A STORY ABOUT VIETNAM AND ALEXI SANTANA
In a tiled bathroom stall, one chapter per tile,
at Antioch College, 1968, I wrote a novel,
my penmanship so small it looked like code.
Maybe it’s still there, and I’m anonymously
Johnson’s war turned Nixon’s,
a boy my age stared while two Chinese tanks
rolled out from the jungle, side by side, their tracks
decades later he’ll compare to horses’ hoofprints
in his poems, where monkeys shrieking
through the muggy Quang Tri twilight,
and mines that pulp the body’s lower parts
move and give pleasure. On the jacket,
a mouth howls through years of dust on dust.
In fact, whoever wrote that novel
in a stench both his and not—even now
I could recite some tiles in front of you—
I never met.
Why do people lie to one another?
asks a lady mummy known as Jumtesonekh.
Her body holds its shape, its genius complete.
The poet she speaks through, though, is dead,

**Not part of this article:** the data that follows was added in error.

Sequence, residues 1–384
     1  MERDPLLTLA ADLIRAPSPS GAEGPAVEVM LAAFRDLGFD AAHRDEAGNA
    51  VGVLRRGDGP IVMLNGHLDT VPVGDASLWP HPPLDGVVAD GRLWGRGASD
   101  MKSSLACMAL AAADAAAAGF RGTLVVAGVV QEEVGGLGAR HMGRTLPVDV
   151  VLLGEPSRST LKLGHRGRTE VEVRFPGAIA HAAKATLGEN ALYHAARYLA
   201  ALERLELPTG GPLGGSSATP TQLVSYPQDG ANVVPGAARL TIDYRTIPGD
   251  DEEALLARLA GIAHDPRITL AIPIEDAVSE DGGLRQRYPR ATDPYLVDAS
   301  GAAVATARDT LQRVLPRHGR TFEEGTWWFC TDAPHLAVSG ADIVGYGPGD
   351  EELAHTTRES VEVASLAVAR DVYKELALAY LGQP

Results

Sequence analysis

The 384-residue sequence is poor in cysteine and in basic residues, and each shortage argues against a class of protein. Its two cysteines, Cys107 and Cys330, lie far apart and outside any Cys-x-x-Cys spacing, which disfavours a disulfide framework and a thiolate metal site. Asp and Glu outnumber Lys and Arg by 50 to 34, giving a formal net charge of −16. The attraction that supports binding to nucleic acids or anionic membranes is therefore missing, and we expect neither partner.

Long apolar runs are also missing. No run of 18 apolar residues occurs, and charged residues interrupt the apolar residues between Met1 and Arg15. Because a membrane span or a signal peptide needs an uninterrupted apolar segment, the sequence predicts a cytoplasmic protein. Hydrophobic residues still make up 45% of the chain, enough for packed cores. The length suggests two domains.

his suicidal myth intact, unlike Alexi Santana’s,
among Newsweek’s all-time top-ten frauds,
and no self-taught orphan raised in Utah
under the stars, by a horse named Good Enough,
nor a student of Plato in the Moon Caves of Nevada.
Google Jumtesonekh, and you’ll be asked
if you meant gemstone, then sold amethyst beads—
the algorithmic glitch like a child calling violence
violets. Alexi Santana, not his real name. . .
Nothing I could write about Vietnam is true
as the tin of rations pitched at a village girl,
or the slash it leaves along her temple, or
the other village girls who steal the tin.
With a debt to Thomas James and Bruce Weigl